Using Discrete in ‘Multistate’ mode

Multistate is used when you have data on a single categorical trait. An example of this sort of data is `primate.discrete1’, which contains data on trait that takes 3 discrete values (0, 1, and 2). Viewing the data reveals one missing value (Colobus_polykomos) and one ambiguous value (Hylobates_agilis).

                    species trait
  1    Cercocebus_torquatus     1
  2      Cercopithecus_mona     0
  3 Cercopithecus_nictitans     0
  4      Colobus_angolensis     1
  5         Colobus_guereza     2
  6       Colobus_polykomos     -
  7            Homo_sapiens     0
  8        Hylobates_agilis    01

More than two character states can be modeled, but keep in mind that the number of model parameters increases rapidly with the number of character states. Specifically, for n states there are $n^2$ - n rate parameters, such that by the time you get to 4 states, 12 rates must be estimated!

Let’s fit a maximum likelihood model where we allow each of the 6 rates (0->1, 1->0, 1->2, 2->1, 0->2, 2->0) to be independent, and use a likelihood ratio test to compare it to a symmetric model where all rates must be equal to each other.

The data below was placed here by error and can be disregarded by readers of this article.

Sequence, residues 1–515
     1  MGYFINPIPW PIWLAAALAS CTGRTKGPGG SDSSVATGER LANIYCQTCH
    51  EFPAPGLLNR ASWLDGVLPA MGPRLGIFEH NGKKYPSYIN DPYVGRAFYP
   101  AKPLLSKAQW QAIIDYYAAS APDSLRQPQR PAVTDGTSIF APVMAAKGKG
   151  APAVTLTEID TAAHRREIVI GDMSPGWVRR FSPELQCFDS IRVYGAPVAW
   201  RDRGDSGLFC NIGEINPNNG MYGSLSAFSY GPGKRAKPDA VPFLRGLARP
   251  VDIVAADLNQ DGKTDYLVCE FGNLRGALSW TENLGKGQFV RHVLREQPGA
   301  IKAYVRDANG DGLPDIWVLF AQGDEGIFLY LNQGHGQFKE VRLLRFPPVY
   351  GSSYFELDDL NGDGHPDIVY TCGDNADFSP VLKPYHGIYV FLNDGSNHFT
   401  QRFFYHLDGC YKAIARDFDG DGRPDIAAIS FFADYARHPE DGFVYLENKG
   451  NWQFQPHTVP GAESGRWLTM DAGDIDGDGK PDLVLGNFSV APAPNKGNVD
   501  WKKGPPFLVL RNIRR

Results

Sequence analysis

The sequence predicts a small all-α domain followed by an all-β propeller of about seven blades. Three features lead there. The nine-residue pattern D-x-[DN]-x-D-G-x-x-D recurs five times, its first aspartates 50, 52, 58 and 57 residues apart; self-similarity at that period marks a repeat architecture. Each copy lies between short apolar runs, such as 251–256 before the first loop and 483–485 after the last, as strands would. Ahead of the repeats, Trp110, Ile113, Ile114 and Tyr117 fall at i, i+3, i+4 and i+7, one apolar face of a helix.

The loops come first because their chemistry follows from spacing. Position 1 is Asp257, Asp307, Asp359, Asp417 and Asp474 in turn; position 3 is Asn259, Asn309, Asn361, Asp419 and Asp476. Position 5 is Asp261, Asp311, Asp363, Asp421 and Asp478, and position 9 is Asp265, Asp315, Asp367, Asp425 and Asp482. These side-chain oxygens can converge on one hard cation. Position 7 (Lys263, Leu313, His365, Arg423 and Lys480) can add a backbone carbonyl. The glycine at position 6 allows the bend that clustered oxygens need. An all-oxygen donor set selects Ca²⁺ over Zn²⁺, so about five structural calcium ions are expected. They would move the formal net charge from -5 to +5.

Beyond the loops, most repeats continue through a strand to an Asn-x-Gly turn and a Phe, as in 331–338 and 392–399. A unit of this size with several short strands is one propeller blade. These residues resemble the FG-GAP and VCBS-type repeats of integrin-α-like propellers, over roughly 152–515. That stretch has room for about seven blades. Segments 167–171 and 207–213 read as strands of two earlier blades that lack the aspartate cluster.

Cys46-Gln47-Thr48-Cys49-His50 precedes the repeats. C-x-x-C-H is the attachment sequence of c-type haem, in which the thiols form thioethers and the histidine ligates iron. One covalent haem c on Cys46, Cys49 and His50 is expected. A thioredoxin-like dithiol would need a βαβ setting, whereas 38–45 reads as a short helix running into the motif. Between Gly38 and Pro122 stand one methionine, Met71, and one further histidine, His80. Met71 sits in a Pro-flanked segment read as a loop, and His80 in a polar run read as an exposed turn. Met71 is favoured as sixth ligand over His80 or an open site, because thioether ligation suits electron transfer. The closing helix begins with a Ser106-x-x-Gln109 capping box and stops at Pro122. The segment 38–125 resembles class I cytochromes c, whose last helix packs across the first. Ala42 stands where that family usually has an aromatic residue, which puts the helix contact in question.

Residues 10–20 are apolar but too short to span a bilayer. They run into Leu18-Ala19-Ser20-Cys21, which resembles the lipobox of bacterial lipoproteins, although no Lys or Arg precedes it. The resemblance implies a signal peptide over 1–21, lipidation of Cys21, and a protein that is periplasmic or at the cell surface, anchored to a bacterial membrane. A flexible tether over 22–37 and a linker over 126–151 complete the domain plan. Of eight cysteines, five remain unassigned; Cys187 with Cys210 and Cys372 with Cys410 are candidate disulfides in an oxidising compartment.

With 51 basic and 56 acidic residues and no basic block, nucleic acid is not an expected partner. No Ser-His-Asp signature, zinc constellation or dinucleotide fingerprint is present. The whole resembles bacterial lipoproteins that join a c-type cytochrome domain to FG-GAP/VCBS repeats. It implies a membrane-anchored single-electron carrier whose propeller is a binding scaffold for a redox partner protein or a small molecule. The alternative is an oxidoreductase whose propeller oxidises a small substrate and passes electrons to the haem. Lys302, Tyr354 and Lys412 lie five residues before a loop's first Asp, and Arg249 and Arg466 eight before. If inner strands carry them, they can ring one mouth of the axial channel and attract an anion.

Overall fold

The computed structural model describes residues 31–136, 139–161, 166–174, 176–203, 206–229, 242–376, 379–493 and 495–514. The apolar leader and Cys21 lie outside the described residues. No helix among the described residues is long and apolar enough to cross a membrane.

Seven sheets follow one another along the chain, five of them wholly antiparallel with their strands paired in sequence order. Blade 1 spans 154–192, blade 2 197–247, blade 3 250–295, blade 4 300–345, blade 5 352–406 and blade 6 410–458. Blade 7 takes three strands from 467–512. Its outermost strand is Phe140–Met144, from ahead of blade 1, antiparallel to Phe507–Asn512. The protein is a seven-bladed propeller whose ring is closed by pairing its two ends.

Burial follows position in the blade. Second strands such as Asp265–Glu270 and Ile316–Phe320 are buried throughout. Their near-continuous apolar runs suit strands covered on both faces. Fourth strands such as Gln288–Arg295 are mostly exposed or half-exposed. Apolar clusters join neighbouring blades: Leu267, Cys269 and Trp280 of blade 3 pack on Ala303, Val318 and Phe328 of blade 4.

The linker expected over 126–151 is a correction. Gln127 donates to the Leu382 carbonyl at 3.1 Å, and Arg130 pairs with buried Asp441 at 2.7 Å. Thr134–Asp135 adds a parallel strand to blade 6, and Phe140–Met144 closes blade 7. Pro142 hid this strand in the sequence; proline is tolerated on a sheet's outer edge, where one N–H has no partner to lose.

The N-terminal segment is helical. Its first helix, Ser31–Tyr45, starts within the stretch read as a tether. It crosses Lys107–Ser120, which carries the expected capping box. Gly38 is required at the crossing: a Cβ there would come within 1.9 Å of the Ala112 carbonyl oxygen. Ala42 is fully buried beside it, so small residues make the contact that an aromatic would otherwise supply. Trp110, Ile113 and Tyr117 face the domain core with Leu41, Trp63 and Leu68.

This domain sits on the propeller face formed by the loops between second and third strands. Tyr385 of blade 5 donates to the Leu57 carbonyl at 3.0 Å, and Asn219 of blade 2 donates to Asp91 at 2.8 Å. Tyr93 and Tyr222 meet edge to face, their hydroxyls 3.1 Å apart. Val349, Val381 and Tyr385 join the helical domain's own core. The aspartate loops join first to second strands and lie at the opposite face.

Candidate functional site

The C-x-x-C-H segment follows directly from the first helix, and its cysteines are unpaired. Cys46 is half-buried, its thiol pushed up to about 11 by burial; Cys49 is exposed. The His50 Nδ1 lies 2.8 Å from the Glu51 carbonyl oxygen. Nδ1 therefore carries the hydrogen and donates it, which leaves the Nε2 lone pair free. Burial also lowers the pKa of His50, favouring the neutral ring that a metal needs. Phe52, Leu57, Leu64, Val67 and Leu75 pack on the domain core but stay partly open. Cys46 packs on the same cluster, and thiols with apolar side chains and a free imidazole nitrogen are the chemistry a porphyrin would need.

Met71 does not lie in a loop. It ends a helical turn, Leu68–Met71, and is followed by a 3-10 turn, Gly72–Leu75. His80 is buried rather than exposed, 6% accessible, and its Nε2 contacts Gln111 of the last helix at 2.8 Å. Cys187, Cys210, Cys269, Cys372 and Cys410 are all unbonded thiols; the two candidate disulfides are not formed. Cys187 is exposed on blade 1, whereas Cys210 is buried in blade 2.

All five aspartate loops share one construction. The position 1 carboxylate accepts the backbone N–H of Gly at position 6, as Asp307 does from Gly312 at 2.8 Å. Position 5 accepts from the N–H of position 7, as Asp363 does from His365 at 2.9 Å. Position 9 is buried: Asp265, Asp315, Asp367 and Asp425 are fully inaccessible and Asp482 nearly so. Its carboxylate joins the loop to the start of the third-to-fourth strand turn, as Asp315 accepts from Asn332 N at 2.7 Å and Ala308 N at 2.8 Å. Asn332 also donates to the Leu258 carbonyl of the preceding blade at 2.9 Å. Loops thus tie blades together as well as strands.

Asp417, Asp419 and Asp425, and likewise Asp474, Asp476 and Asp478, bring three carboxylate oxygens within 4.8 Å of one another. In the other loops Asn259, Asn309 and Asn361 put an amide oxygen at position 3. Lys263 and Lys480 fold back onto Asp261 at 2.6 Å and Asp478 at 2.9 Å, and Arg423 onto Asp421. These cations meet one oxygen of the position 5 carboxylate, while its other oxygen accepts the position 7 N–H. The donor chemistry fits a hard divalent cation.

asymmetric <- Discrete(primate.tree1, primate.discrete1, "ML")
symmetric <- Discrete(primate.tree1, primate.discrete1, "ML", res="q01")
lrtest(symmetric, asymmetric)
    model1.Lh model2.Lh LRstat pval
  1 -4.572531 -4.572531      0    1

The likelihood ratio test is not significant, indicating that we should favor the simpler model. In this case, the symmetric model is simpler because it only estimates one parameter, while the asymmetric model estimates six.

Reversible jump hyper-prior model

Another way to get at the question of whether there is evidence for multiple rates of evolution among the 3 character states is to run a reversible jump model, which will sample across models in proportion to their likelihood and return a distribution of model structures. We will also take phylogenetic uncertainty into account by sampling across a block of 100 trees, primate.tree100.